Food dangers for Pessah?

Health ministry: be careful how you handle the fish for the Seder.

seder plate 88 (photo credit: )
seder plate 88
(photo credit: )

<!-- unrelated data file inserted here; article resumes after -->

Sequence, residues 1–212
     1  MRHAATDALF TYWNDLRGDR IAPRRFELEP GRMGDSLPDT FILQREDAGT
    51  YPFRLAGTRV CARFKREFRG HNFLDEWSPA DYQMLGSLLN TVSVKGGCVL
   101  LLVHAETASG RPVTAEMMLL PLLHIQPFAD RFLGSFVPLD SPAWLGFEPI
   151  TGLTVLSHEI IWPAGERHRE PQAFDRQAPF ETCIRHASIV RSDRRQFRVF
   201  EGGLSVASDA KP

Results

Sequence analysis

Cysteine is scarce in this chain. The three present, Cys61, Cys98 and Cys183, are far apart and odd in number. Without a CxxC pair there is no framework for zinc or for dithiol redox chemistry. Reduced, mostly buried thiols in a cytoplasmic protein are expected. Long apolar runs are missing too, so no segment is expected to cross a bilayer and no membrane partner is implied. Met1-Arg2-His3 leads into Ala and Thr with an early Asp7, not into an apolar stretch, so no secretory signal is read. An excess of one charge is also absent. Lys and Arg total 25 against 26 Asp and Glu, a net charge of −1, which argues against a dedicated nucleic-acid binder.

Once potentially risk Pessah cleaning is over, be careful how you handle the fish for the Seder, the Health Ministry warns. Pond fish - especially amnun, buri and denis - require careful cleaning and preparation, as Vibrio vulnificus bacteria are often found in them, and if the fins and scales prick fingers, a serious and even-fatal infection can result. The ministry said that every Pessah, there are reports of complications from such infection, causing severe pain, edema, boils and even sepsis. From time to time, there are cases requiring amputation of an arm and some people have died from complications of the infection. Fish should be purchased only from a reputable place with a business license. Fresh fish should be kept in a glass display case with ice. Do not buy fish from any retailer, including an open stand, that doesn't keep fish under such conditions. Don't buy whole live or cooled fish. Insist that you are supplied with fish with their scales, fins and gills removed. People who suffer from chronic diseases and weak immune systems and people with open sores on their hands should avoid all contact with raw fish. As huge numbers of eggs are eaten during Pessah, the ministry also advised the public about handling of eggs that were improperly treated and have Salmonella enteritidis infections inside or on the shells and can cause intestinal infections. Fever, vomiting and diarrhea can result, especially in babies and the elderly. Eggs that are not properly stored in cool surroundings can spread the bacteria. All eggs cartons must be stamped with the sorting station, address, type of eggs and last day of sale. Don't buy broken or cracked eggs. Meanwhile, Yad Sarah reported Thursday that the amount of medical equipment lent out for Pessah has risen dramatically - three times the usual - as families invite elderly relatives home to spend the holiday with them. The voluntary organization's 100 branches are getting hundreds of thousands of shekels worth of new equipment - all purchased from donations - to lend out before the festival of freedom. Information on which branches will be open during Pessah can be obtained at its Web site at